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The Tongva Times

The Tongva Times

The Tongva Times

“Pokemon Sun and Moon” shines


    By Jasmine Alfaro

    Staff Writer

    Four stars

    Pokemon, a national media phenomenon, released new installments, “Pokémon Sun” and “Pokémon Moon,” on Nov. 18 to yet again continue its 20 year-old legacy of pocket monsters and pokéballs.

    My expectation that this game would be another desperate attempt to keep the franchise alive was proven wrong once I powered my Nintendo 3DS to play. As hours of gameplay have turned into days, the games have proven to significantly honor the franchise’s 20th anniversary.

    “Pokémon Sun” and “Pokémon Moon” both follow the same algorithm of previous installments, in which the player is a young Pokemon trainer who explores the game’s region, capturing and leveling up different Pokemon to progress further. Both games introduce brain-puzzling scavenger hunts and puzzles in the form of island challenge trials, a substitute for the ancient Pokemon gyms.

    This alteration highlighted my love for challenges, testing me to complete a trial that made me tirelessly search for ingredients, and come face to face with a boss Pokemon five levels stronger than my party.

    Another refreshing change is the breathtaking diversity of the setting, which is basically an allegory for Hawaii. Each inhabitant exhibits a native laid-back attitude that made me enjoy my adventure even more.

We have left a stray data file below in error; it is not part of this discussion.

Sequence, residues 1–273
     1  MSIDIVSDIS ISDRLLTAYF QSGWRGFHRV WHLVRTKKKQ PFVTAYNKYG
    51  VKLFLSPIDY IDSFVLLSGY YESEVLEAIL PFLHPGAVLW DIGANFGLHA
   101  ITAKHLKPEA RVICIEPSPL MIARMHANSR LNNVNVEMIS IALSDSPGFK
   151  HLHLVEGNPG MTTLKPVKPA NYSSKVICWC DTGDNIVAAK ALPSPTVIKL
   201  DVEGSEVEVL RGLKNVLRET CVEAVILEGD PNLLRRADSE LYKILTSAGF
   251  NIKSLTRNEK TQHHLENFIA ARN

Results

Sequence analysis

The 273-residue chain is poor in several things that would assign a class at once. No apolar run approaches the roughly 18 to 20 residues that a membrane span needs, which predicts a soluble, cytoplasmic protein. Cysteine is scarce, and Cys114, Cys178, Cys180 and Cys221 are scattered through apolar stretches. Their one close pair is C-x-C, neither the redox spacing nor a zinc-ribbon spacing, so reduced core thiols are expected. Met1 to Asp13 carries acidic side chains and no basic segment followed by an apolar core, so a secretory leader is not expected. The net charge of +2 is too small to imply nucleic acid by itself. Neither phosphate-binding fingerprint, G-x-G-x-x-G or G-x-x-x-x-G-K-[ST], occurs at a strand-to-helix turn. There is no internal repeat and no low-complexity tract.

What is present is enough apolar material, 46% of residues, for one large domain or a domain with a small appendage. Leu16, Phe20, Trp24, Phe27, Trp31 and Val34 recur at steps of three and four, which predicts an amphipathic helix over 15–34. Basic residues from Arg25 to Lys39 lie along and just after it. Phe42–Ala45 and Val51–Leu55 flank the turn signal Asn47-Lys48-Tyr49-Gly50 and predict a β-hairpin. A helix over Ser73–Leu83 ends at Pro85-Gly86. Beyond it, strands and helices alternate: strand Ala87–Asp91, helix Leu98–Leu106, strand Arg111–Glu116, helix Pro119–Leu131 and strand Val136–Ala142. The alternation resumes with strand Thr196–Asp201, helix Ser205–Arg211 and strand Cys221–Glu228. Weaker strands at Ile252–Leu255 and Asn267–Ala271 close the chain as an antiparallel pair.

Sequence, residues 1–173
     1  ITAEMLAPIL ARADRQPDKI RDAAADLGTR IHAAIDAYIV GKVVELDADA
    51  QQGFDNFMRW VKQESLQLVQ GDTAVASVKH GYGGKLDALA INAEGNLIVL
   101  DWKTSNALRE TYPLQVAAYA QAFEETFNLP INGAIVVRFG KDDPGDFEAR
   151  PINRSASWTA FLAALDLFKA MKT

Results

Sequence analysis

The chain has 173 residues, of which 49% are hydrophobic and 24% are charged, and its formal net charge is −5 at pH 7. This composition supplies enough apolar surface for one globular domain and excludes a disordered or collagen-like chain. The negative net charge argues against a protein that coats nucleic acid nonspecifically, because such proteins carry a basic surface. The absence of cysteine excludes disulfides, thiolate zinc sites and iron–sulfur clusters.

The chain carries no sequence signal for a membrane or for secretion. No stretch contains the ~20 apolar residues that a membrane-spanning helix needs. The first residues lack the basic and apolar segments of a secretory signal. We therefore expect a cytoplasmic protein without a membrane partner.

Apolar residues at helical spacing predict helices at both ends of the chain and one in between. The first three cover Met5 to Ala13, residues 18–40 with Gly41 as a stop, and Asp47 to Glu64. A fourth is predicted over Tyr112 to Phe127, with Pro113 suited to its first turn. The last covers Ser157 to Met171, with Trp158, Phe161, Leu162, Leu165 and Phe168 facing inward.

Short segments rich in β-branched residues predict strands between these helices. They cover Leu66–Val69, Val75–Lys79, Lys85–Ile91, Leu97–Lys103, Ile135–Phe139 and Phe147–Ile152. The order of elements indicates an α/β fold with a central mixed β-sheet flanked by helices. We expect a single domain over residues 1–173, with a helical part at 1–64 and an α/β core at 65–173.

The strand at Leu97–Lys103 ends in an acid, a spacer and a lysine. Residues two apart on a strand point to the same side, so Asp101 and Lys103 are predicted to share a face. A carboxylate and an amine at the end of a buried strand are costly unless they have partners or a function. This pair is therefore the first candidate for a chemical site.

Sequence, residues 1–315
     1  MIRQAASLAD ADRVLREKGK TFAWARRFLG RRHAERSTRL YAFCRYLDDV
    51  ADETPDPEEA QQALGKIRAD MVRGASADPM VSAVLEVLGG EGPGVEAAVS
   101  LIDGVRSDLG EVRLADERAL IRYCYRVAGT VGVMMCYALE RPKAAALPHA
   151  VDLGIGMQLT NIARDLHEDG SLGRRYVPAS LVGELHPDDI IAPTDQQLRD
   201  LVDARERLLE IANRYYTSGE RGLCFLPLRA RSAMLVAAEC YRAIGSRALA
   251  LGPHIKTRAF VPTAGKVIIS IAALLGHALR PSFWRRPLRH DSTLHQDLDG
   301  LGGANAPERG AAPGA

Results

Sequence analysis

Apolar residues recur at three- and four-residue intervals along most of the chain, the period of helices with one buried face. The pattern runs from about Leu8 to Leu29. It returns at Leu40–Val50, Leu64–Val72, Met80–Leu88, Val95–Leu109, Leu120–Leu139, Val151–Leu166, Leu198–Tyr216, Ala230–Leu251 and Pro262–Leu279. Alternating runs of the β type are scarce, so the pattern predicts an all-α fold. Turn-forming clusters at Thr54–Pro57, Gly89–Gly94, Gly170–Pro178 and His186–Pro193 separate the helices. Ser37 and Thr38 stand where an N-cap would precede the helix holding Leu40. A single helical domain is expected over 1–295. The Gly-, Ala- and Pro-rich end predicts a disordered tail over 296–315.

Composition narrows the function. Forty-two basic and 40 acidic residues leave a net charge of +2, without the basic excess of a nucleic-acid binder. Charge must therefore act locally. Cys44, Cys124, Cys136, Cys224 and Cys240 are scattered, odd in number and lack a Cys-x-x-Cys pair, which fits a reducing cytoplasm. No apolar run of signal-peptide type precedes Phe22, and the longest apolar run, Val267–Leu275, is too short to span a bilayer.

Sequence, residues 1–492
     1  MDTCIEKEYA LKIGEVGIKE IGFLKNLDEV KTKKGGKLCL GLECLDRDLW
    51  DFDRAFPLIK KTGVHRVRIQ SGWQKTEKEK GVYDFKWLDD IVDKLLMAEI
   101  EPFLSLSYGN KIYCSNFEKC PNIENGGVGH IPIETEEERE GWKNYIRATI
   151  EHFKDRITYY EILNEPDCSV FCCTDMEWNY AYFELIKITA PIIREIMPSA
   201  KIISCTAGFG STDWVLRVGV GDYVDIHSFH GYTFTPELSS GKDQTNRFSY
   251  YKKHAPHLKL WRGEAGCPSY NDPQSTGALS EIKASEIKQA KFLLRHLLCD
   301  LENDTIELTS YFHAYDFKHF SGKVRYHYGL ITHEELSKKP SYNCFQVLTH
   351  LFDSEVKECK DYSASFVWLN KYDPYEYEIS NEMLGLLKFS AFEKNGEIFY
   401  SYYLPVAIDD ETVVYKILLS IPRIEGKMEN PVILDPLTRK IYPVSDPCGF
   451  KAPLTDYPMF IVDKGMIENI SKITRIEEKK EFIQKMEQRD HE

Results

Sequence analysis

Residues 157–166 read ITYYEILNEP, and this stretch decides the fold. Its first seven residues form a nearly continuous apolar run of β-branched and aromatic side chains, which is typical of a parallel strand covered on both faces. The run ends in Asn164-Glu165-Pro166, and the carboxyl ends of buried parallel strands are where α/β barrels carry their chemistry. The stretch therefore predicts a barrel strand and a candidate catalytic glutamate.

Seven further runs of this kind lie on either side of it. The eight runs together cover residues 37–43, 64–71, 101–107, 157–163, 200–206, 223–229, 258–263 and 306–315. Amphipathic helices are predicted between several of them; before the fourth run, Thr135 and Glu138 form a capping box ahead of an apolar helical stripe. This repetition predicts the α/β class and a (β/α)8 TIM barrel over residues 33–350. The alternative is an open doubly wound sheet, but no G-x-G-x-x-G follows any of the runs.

Unlike past Pokémon games that made me solely focus on being “the very best,” both games have made me laugh from the endearing jokes of non-playable characters, amazed me with sharp graphics and polish, and entertained me with unexpected battles that could easily make me rage quit.

    To fit the tropical theme of the game, both versions introduce the Alola forms of first generation Pokémon, such as the colorful Grimer and giraffe-esque Exeggutor. The new forms creatively parallel the ecology of the region and give interesting types of Pokémon combinations for competitive players to take advantage of.

    The music is filled with original scores that are Hawaiian-inspired, unique yet familiar to past players, especially those who remember the iconic battle theme.

    Despite the annoying fluctuations in their frame rates when it comes to battling more than one Pokémon, they are truly games that make me stop and smell the roses.

    “Pokémon Sun” and “Pokémon Moon” are both successes that prove that an old gaming dog can still learn new tricks. They can appeal to everyone, from critical veterans to confused beginners.

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    “Pokemon Sun and Moon” shines